“Bringing the publish-and-subscribe paradigm of RSS into the enterprise has been one of the biggest hurdles,” Young says, in large part because IT departments are concerned with the technology’s security. RSS capabilities built into Internet Explorer 7 and Outlook, for example, don’t provide the kind of security that can be built into a dedicated feed reader. “There’s the potential that you’ll be opening yourself to viruses and spyware,” says Young, but quickly adds that this security concern is, right now, more theoretical than real.
Putting Web 2.0 To Use
Much of the above explains why Enterprise 2.0 is a lot like sex: everyone talks about it, most people think that others are doing it more, but in fact it’s very difficult to know what’s really going on inside the firewalls. Only a few major corporations have wholeheartedly embraced Enterprise 2.0 tools: McDonald’s and Northwestern Mutual each have built new Intranets upon platforms centered on customizable home pages, social networking capabilities, wikis, blogs, RSS and other Web 2.0 tools, but in most organizations, the tools are often being used in small groups or divisions. Dell’s support team has adopted wikis as a key tool for sharing solutions to customer problems, but it’s unclear how often other segments of Dell use wikis.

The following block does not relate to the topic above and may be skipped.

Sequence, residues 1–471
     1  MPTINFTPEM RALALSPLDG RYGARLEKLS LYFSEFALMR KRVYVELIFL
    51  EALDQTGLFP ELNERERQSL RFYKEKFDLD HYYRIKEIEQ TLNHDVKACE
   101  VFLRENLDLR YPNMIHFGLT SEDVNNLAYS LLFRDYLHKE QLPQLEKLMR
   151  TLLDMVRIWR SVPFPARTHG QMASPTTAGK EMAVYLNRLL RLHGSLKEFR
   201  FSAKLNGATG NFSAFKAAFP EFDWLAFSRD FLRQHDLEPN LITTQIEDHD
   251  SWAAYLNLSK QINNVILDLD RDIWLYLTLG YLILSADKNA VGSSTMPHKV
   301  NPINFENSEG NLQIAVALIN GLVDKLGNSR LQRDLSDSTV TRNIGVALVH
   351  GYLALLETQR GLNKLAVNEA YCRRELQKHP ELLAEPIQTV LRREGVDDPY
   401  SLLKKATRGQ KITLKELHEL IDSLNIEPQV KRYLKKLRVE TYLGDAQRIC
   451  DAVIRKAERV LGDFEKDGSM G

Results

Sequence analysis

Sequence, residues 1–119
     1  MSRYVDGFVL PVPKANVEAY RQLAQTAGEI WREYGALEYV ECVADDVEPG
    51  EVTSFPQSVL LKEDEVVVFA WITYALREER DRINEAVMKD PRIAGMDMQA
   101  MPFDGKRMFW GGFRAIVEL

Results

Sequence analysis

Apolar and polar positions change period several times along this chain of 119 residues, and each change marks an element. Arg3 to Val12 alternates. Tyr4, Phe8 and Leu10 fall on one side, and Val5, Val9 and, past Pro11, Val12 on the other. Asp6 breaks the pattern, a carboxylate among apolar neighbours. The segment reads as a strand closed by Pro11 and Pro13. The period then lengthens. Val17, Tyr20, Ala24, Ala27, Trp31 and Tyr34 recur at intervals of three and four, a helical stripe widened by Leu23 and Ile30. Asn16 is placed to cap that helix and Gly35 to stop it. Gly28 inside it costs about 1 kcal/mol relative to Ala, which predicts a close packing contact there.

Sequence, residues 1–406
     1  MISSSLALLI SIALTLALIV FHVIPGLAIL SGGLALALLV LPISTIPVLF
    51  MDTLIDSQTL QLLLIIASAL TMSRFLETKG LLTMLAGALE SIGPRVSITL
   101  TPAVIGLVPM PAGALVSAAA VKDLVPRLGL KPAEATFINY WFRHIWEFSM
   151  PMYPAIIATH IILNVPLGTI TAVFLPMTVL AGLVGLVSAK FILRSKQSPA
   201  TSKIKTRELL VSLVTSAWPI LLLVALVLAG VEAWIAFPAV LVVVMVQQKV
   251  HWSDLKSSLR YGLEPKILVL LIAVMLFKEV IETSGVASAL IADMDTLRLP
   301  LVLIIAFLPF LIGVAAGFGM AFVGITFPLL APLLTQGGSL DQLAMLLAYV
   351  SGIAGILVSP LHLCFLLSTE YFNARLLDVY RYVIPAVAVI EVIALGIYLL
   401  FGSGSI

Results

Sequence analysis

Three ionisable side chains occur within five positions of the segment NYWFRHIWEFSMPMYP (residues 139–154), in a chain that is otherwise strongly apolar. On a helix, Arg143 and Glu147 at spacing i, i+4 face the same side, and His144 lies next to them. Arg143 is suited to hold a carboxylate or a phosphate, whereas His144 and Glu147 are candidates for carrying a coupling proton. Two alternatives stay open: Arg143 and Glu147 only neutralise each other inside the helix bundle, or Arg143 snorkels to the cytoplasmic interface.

Blogs and wikis seem to be the most commonly used Web 2.0 tools in the enterprise, says Young, with RSS and social networking applications making some headway. This is likely to change soon, as Microsoft has added Web 2.0 pieces to SharePoint (basic blogging and wiki functionality) and other big players like IBM, SAP, Oracle and BEA are, says Young, “bringing these tools into the enterprise as part of the typical application upgrade.”
Young says that IBM, with Lotus Connections, has the most complete Web 2.0 suite and that although hard sales numbers haven’t been released, the company has “said anecdotally that they’re doing better than they’d hoped up to this point.”
These large, traditional enterprise software providers seem to be battling it out with scores of nimble Web 2.0 startups for business market share, but the most likely scenario, says Young, is that many smaller companies will provide discrete applications for, partner with and eventually be purchased by the bigger fish. The vast majority of CIOs want suites that will provide all of these tools and more, preferably in a one-stop shop scenario. Meanwhile, some examples of well-positioned small and specialized companies include SixApart for blogging; Atlassian Confluence and SocialText for wikis; Communispace for social networking; and NewsGator for RSS.
Web 2.0 tools will inevitably be ubiquitous within most enterprises, which will lead to fundamental changes in the way some business is conducted. This will be disruptive — but the familiar, major brand packaging, support and security, and the slow, piecemeal adoption of the available tools means we’re likely to look back on Enterprise 2.0 as less a revolution than a critical and natural step in IT evolution.